The high priests of academic and “official” history love a good villain for two reasons: First, because good official villains make the struggles and accomplishments of good official heroes even more awe-inspiring. And, second, because nothing teaches (or propagandizes) the masses more thoroughly than the social or political lessons inherent in the documented rise and fall of the world's most despicable inhabitants. We get shivers of fear and excitement when we discuss the evils and the follies of ancient monsters like Nero, Attila the Hun, Caligula, etc, or more modern monsters, like Mussolini, Stalin Hitler, Goebbels, Mao, Pol Pot, Idi Amin, and so on. We take solace in the idea that “we are nothing like them”, and our nation has “moved beyond” such animalistic behavior.
Back in April, in a desperate scramble to raise liquidity courtesy of a hail mary Goldman syndicated term loan, we penned "Confused By What Is Going On At JCP? Here's The Pro Forma Cap Table And The Cliff Notes", where in addition to the obvious - that this is merely buying a few months for the melting icecube company which with every passing day is closer to a Chapter 11 (or 7) bankruptcy filing - we also laid out that what Goldman was doing was merely positioning itself to be at the top of the company's capital structure with a super secured and overcollateralized credit facility, through what is effectively a pre-petition DIP... As it turns out we only had to wait for five months before the same Goldman that raised the company's emergency liquidity term loan turned around and launched a vicious attack on the same company that paid it millions in dollars in underwriting fees. Specifically, what Goldman just did is write a report (perhaps one of the best bearish cross-asset investment theses we have seen to come out of the firm in a long time) in which it laid out, in a lucid and compelling manner, why JCP is doomed. The report is titled appropriately enough: "Initiate on JCP with Underperform: Looking for cash in the name"... and not finding it.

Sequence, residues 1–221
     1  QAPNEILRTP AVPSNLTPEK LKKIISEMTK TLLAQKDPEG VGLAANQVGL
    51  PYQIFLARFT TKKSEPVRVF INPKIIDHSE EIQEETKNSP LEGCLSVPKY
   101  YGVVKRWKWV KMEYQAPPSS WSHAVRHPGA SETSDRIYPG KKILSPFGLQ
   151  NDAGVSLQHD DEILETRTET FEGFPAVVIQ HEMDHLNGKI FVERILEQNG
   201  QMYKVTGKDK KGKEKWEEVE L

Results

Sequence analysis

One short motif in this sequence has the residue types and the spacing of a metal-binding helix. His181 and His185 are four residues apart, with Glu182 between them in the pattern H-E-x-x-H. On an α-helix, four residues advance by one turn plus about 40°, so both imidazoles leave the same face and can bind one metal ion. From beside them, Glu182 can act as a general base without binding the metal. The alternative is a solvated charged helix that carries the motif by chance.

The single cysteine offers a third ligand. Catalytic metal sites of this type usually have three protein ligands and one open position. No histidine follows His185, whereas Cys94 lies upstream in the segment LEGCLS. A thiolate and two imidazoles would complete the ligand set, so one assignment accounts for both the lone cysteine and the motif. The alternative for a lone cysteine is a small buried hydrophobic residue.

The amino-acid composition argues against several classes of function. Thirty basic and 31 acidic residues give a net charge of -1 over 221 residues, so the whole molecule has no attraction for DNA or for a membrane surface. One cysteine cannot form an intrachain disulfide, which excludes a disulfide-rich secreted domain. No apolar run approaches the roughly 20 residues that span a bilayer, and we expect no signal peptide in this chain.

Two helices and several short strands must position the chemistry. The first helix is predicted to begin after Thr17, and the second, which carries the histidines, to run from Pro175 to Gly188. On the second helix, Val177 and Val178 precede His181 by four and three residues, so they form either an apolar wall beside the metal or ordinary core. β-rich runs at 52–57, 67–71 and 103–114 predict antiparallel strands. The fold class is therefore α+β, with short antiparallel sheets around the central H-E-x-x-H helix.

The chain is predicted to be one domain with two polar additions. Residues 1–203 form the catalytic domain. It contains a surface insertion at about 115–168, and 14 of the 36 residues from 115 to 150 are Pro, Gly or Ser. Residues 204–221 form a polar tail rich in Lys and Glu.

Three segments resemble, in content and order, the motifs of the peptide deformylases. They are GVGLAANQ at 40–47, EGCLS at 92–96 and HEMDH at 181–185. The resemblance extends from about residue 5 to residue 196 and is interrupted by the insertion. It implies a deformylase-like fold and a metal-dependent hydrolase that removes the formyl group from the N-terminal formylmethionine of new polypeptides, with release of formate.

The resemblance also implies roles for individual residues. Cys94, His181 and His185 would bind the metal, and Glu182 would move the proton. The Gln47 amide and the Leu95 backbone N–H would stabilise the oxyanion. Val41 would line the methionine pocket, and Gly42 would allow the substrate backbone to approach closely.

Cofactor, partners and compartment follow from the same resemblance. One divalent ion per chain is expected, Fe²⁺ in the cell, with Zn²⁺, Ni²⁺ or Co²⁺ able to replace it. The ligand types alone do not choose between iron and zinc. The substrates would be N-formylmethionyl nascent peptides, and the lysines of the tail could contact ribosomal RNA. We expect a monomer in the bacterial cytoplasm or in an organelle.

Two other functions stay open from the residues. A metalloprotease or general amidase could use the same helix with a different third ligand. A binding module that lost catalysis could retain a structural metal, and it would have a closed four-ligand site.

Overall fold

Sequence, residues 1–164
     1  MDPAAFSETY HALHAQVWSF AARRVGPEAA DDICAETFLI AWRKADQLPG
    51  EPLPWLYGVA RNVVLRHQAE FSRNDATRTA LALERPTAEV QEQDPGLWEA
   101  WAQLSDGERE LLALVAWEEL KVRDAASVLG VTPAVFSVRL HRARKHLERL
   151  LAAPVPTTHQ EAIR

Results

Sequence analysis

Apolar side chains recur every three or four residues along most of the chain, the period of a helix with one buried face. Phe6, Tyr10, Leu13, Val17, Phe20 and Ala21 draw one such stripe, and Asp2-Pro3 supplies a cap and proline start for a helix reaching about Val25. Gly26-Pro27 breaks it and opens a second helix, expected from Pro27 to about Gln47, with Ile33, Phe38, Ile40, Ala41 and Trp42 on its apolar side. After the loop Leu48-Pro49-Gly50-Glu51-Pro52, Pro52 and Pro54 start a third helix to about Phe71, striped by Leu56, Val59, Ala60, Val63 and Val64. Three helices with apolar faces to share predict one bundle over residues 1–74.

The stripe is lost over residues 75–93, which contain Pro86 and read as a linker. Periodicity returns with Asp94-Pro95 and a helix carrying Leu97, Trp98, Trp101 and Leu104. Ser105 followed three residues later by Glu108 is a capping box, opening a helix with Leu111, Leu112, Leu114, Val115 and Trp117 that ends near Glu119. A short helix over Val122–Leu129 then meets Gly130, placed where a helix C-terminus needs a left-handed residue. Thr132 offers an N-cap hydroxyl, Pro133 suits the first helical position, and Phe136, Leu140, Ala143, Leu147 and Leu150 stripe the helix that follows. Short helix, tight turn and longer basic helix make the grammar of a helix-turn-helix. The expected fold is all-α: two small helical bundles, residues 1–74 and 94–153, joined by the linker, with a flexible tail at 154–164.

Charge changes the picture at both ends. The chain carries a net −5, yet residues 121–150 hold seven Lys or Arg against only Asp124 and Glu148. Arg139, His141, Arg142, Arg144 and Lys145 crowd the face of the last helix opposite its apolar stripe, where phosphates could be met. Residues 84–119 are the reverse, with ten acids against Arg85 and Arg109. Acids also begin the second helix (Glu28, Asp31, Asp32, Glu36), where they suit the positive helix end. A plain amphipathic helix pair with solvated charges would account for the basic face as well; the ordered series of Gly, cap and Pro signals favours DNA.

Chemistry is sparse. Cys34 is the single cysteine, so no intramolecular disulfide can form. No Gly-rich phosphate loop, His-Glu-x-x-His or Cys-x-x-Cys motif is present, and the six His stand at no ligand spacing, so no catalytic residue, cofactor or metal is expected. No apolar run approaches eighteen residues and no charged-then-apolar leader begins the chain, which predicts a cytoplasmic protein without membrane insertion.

- Iran Icebreaker Set at U.N. (WSJ)
- Chrysler Feud Triggers IPO Filing (WSJ)
- JPMorgan Chase, 12 More Banks Said to Be Sued Over Libor (BBG)
- Regulator sues Morgan Stanley, eight others over faulty securities (Reuters)
- Monte Paschi Seen Boosting Cost Goals to Meet EU Demands (BBG)
- Here we go again - "not enough funds": CFTC chair Gary Gensler warns on fund cuts to police derivatives (FT)
- Congress Fuels Private Jails Detaining 34,000 Immigrants (BBG)
- KKR, Sycamore looking to buy Jones Group this week (NYPost) - take with lots of salt
- Fiat rethinks alliance with Chrysler after IPO filing (Reuters)
- Young Invincibles Caught in Crossfire Over Obamacare Cost (BBG)
- Mayfair Office Squeeze Spawns New London Real Estate Hubs (BBG)